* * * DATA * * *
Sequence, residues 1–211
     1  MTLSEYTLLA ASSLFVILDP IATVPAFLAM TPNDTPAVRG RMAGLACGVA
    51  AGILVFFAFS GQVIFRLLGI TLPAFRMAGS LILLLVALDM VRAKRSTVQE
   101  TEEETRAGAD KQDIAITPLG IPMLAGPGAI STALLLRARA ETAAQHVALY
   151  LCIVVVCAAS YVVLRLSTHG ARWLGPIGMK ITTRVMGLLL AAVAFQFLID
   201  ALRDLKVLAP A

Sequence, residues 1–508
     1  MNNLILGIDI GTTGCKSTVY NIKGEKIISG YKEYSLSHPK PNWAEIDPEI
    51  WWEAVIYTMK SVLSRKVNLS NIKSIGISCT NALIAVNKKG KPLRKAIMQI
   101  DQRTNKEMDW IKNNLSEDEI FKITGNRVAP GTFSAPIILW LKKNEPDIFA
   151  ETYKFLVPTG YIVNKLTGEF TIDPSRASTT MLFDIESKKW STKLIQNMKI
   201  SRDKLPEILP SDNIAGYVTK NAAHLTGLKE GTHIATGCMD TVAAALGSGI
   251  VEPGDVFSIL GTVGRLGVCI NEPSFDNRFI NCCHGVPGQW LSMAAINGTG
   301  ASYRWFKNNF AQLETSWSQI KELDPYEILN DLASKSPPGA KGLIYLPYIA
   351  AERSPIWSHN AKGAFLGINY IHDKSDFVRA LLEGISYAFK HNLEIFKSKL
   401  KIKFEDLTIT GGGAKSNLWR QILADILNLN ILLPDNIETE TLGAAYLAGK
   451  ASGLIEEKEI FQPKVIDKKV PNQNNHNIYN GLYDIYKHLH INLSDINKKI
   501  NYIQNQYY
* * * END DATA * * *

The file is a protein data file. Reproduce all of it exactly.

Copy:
Sequence, residues 1–211
     1  MTLSEYTLLA ASSLFVILDP IATVPAFLAM TPNDTPAVRG RMAGLACGVA
    51  AGILVFFAFS GQVIFRLLGI TLPAFRMAGS LILLLVALDM VRAKRSTVQE
   101  TEEETRAGAD KQDIAITPLG IPMLAGPGAI STALLLRARA ETAAQHVALY
   151  LCIVVVCAAS YVVLRLSTHG ARWLGPIGMK ITTRVMGLLL AAVAFQFLID
   201  ALRDLKVLAP A

Sequence, residues 1–508
     1  MNNLILGIDI GTTGCKSTVY NIKGEKIISG YKEYSLSHPK PNWAEIDPEI
    51  WWEAVIYTMK SVLSRKVNLS NIKSIGISCT NALIAVNKKG KPLRKAIMQI
   101  DQRTNKEMDW IKNNLSEDEI FKITGNRVAP GTFSAPIILW LKKNEPDIFA
   151  ETYKFLVPTG YIVNKLTGEF TIDPSRASTT MLFDIESKKW STKLIQNMKI
   201  SRDKLPEILP SDNIAGYVTK NAAHLTGLKE GTHIATGCMD TVAAALGSGI
   251  VEPGDVFSIL GTVGRLGVCI NEPSFDNRFI NCCHGVPGQW LSMAAINGTG
   301  ASYRWFKNNF AQLETSWSQI KELDPYEILN DLASKSPPGA KGLIYLPYIA
   351  AERSPIWSHN AKGAFLGINY IHDKSDFVRA LLEGISYAFK HNLEIFKSKL
   401  KIKFEDLTIT GGGAKSNLWR QILADILNLN ILLPDNIETE TLGAAYLAGK
   451  ASGLIEEKEI FQPKVIDKKV PNQNNHNIYN GLYDIYKHLH INLSDINKKI
   501  NYIQNQYY